PARIS -- Today ARCEP is publishing its electronic communications market indicators for wholesale and retail fixed broadband and ultra-fast broadband services in France in the fourth quarter of 2013.
Retail market: at the end of 2013, there were 2.1 million superfast broadband subscriptions in use in France (+28% in a year) including 540,000 to FttH services (+72% in a year)
In the fourth quarter of 2013, the number of superfast broadband subscriptions i.e. with a maximum download speed equal to or above 30 Mbit/s increased by 200,000, up to 2.1 million, which translates into an additional 445,000 subscriptions for the year as a whole (+28%). FttH subscriptions, which totalled 540,000 at the end of December 2013, increased by 72% over the previous year, with an additional 225,000 accounts created. The total 2.1 million superfast broadband subscriptions also include VDSL2 plans delivering speeds equal to or above 30 Mbit/s, which ISPs have been marketing since 1 October 2013.
The number of broadband subscriptions i.e. to a connection with a maximum advertised download speed of less than 30 Mbit/s stood at 22.8 million at the end of Q4 (+55,000 for the quarter).
In total, then, the number of fixed broadband and superfast broadband subscriptions in France stood at 24.9 million at the end of 2013, which marks an increase of 260,000 for the quarter and 900,000 for the year.
Wholesale markets: at the end of 2013, 11 million homes and business premises (+24% in a year) were eligible for a superfast broadband service, of which 3 million via FttH (+38% in a year).
Operators have made substantial investments over the past several years to be able to deliver a wide range of solutions over a growing portion of the country. By the end of Q4 2013, alternative operators had unbundled 7,608 exchanges on the copper local loop, or 1,113 more than the year before, and now serve close to 89.2% of all existing lines. Of this total number of lines eligible for LLU, 11.6 million have been unbundled, which is roughly 688,000 more than in 2012 (+6.3%). This means that alternative operators have bought more than 12.92 million wholesale connections from Orange, via LLU and bitstream.
Upgrades on the countrys coaxial cable networks are also ongoing. As a result, by the end of Q4 2013, around 8.6 million homes had been equipped for FTTLA and HFC access i.e. optical fibre to the last amplifier and coaxial cable in the last metres, delivering speeds equal to or above 30 Mbit/s, which marks a 1.6% increase over the year before. Five point two million of these connections are capable of supplying a throughput of 100 Mbit/s or more, which is 8.5% more than in Q4 2012. Within this base of potential superfast broadband cable customers, 3.5 million of the homes passed are located outside of very high-density areas.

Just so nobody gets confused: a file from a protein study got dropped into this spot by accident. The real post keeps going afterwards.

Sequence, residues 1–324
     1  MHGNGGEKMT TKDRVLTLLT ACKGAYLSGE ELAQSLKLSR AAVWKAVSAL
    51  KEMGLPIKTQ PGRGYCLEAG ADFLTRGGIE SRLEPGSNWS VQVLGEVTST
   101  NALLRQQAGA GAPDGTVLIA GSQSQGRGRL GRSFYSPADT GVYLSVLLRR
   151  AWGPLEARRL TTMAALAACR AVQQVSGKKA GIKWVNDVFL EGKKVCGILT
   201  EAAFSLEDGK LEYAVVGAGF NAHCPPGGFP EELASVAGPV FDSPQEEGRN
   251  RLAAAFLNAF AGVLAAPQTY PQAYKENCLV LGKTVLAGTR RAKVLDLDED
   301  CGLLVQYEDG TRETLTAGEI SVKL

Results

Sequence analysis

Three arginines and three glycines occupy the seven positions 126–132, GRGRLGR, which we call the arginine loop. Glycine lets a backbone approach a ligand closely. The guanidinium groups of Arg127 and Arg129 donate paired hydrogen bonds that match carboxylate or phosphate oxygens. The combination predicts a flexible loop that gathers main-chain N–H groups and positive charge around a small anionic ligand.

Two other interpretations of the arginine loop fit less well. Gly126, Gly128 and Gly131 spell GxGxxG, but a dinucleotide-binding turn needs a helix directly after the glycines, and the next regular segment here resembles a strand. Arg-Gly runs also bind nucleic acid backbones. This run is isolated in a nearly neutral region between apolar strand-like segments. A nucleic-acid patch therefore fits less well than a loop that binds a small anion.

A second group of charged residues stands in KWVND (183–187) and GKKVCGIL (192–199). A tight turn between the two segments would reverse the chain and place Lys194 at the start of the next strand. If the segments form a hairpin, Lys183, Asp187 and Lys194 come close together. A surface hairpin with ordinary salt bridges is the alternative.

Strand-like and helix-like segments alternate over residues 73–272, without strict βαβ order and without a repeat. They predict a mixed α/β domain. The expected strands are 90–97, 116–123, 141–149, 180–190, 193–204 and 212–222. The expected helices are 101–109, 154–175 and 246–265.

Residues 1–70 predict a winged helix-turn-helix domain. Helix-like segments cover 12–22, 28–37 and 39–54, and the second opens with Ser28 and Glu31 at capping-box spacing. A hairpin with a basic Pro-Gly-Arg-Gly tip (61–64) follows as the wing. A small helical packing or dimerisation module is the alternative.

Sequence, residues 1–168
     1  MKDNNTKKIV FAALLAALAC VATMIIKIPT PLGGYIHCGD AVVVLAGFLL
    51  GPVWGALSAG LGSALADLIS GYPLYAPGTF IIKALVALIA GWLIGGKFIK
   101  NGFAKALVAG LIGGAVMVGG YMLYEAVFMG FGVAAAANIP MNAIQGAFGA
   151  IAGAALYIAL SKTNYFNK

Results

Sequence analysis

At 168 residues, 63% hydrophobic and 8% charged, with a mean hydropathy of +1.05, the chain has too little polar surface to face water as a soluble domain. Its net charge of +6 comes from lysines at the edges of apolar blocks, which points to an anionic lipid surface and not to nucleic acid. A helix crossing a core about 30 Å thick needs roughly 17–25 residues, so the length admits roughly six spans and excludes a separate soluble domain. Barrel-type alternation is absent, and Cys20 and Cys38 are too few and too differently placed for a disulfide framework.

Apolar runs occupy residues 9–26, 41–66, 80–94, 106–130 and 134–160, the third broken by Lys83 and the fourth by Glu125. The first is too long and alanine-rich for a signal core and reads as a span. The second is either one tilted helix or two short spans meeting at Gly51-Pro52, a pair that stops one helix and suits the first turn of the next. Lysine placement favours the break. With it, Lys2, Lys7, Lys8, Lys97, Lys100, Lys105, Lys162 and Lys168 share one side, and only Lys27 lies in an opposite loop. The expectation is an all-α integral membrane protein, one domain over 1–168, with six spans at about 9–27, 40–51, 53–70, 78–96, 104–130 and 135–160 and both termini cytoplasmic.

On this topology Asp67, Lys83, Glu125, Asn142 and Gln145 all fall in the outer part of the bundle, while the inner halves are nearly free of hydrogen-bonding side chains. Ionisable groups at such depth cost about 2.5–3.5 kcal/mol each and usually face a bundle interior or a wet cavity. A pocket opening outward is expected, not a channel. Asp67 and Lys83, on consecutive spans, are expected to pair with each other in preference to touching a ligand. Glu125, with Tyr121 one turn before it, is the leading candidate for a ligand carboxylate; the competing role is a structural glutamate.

Operators are also stepping up their fibre to the home (FttH) rollouts. As of 31 December 2013, 2.98 million homes were eligible to subscribe to an FttH plan, or 38% more than the year before. Half of these homes, or a total 1.5 million homes and business premises (36% more than in 2012), have a choice between at least two superfast fibre access providers, thanks to network sharing schemes introduced by national regulation. Also noteworthy is that 586,000 of these 2.98 million homes are located outside of very high-density areas, and that 484,000 are being served by public-initiative networks.
VDSL2 has been available nationwide since 1 October 2013. Among the lines covered by this technology, ARCEP puts the number capable of supplying superfast access, i.e. speeds equal to or above 30 Mbit/s, at 2.3 million.
All in all, at the end of Q4 2013, 11 million homes and business premises in France were able to subscribe to a superfast internet access service, including 5.8 million homes and business premises (53%) located outside of very high-density areas. These 11 million homes and business premises with access to superfast broadband are to be set against the 30.8 million main lines supplied by the legacy copper network.
Understanding the full experience of women in technology requires starting at the collegiate level (or sooner) and studying the technologies women are involved with, company cultures they're part of and personal experiences of individuals.
During this WiC radio show, we will talk with Nicole Engelbert, the director of Research & Analysis for Ovum Technology and a 23-year telecom industry veteran, about her experiences and perspectives on women in tech. Engelbert covers infrastructure, applications and industries for Ovum, but she is also involved in the research firm's higher education team and has helped colleges and universities globally leverage technology as a strategy for improving recruitment, retention and graduation performance.
She will share her unique insight into the collegiate level, where women pursuing engineering and STEM-related degrees is dwindling. Engelbert will also reveal new, original Ovum research on the topics of artificial intelligence, the Internet of Things, security and augmented reality, as well as discuss what each of those technologies might mean for women in our field. As always, we'll also leave plenty of time to answer all your questions live on the air and chat board.